Managing Type 2 Diabetes and Pregnancy
Pregnancy can be a wonderful time full of hopes, dreams, and excitement for the future. But if you have an existing health issue is can also be fraught with fear.
Managing type 2 diabetes is even more crucial during pregnancy than it is when you aren’t expecting a baby.
Even those who keep great control of their diabetes can find those pregnancy hormones and cravings can play havoc with their diabetes and appetite. It’s really vital to carefully manage your diabetes during pregnancy and afterward as your body returns to its pre-pregnancy state.
The Right Healthcare Team
Firstly, it’s really important to make sure the team caring for you during pregnancy are fully aware of your history. It’s not enough to assume your notes will carry this information — be a diabetes bore and remind everyone you come into contact with that you have type 2.
Sadly, overworked and tired staff don’t always have the time to do anything but skim through your notes. As an example, the day after I had my baby a very solemn doctor came to tell me my blood glucose levels post-C-section showed I might have type 2 diabetes.
He was embarrassed when I pointed out the meds on my nightstand and the big red sticker on my notes and told him I had been diagnosed three years previously!
What to Do in the Early Weeks of Pregnancy
When choosing who is going to care for you, assemble a team made up ideally of the following:
- A doctor who specializes in caring for pregnant women with diabetes.
- An obstetrician who handles high-risk pregnancies, and has experience of dealing with pregnant women with diabetes.
- A pediatrician (children's doctor) or neonatologist (doctor for newborn babies) who knows and can treat special problems that can happen in babies of women with diabetes.
If possible, it would be ideal to also meet with a registered dietitian who can help you plan your meals and snacks as your needs change during and after pregnancy, and a diabetes educator who can help you manage your diabetes during pregnancy.
If this is not possible due to your location or financial situation, make the most of online resources. The American Diabetes Association, for instance, has lots of useful information and of course, you can read articles and chat with other people experiencing similar situations on NewLifeOutlook.
Eating for Two Is Not an Option
A fundamental principle is to remember that no woman, diabetic or not, should “eat for two.”
In diabetic moms-to-be this can create a real issue if the pounds pile on during pregnancy. Blood sugar levels will go awry and birth can be significantly more difficult if you are overweight, especially if you end up requiring an assisted or surgical delivery.
Yes, you do need to put some weight on, but your prenatal team will be able to guide you as to how much and, crucially, when.
If you are already overweight it’s vital to try and stick to the recommended weight gain parameters.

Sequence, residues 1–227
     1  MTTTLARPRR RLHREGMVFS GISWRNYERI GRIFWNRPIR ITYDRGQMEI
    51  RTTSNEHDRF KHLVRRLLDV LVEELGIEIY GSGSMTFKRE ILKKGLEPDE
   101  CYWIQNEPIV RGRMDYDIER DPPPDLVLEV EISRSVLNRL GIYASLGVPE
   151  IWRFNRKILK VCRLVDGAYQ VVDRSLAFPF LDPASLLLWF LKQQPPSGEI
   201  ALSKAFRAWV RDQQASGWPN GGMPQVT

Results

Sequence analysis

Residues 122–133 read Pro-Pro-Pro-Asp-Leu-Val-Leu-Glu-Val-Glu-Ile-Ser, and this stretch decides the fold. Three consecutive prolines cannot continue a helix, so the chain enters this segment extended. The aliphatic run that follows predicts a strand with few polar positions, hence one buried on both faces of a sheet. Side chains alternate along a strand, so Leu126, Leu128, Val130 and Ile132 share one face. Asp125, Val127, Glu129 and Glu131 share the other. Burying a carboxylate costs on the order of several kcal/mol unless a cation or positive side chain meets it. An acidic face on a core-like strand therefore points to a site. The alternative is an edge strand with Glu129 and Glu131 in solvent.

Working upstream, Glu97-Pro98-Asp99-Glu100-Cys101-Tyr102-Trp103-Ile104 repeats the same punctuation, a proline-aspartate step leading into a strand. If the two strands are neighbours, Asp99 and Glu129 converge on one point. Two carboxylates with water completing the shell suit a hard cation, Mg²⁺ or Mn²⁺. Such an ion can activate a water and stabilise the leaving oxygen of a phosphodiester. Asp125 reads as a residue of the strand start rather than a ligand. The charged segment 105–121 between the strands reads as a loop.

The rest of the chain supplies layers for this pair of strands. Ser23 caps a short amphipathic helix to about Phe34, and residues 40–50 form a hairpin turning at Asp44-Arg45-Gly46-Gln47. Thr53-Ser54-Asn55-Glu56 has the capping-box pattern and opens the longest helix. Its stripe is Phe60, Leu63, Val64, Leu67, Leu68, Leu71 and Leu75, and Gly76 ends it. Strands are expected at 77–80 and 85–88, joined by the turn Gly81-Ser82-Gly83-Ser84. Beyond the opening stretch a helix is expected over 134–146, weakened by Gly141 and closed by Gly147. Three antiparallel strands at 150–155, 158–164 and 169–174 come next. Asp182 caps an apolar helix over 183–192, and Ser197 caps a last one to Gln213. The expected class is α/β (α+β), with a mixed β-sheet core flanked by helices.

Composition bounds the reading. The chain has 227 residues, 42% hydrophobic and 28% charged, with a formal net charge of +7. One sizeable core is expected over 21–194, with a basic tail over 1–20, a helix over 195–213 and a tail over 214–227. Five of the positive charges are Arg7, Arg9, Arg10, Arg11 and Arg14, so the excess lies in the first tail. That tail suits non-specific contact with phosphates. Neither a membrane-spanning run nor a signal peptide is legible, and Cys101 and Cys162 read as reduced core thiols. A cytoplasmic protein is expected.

It’s more important to improve the quality of the food you eat, rather than the quantity. You will be feeding your baby as well as yourself and what you eat now could impact your child’s health for the rest of their life.
It’s hard to prepare healthy food when your body is craving ice cream but just think of the life you are nurturing before reaching for the spoon over the salad tongs.
If prenatal sickness and nausea is an issue, figure out your best time of day when your stomach is most settled and use that to prepare a week’s worth of healthy food to freeze or refrigerate.
If you are simply too tired to prepare a meal, get your partner, a friend or family member to help out. Even the worst cook in the world can throw together a nutritious salad.
You could cheat and buy ready-made salads, but ensure you wash any leaves thoroughly before consuming. Don’t think that honey mustard pasta salad is necessarily a healthy choice — check fats, carbs, and sugars to make sure your salad is not largely empty calories.
If you are at the vomiting stage of pregnancy you are going to roll your eyes at my next suggestion to get some exercise.
Actually, a walk in the fresh air or a refreshing swim might leave you feeling better and it will certainly be good for you, baby and your shared blood sugar levels.
You should always mention your pregnancy and your diabetes to anyone running any form of fitness class or session. If you already attend a class and want to continue, go a few minutes early and ask your instructor how to adapt your routine.
If you are new to exercise, check with your doctor before starting any new routine.
Keep Glucose Levels in Check
I’ve mentioned monitoring glucose levels — it’s especially important during pregnancy to regularly check levels and to check that any diabetes medication you have been taking is suitable for pregnancy.
Many oral medications are either not suitable, or there is some doubt about their safety during pregnancy, so you may be switched to insulin during pregnancy and possibly for a short while afterward.
Don’t panic about this even if you are scared of needles. I sobbed during my consultation with the diabetic nurse showing me how to inject for the first time during pregnancy and then felt embarrassed when she pointed out she’d already completed my injection and I hadn’t felt a thing. Those needles are really fine!
So to sum up, a pregnancy for a mom-to-be with type 2 diabetes might not automatically prove to be high risk, but the key to keeping it as low-risk as possible is to consult the experts, eat well, exercise and make sure that everyone caring for you knows about your condition.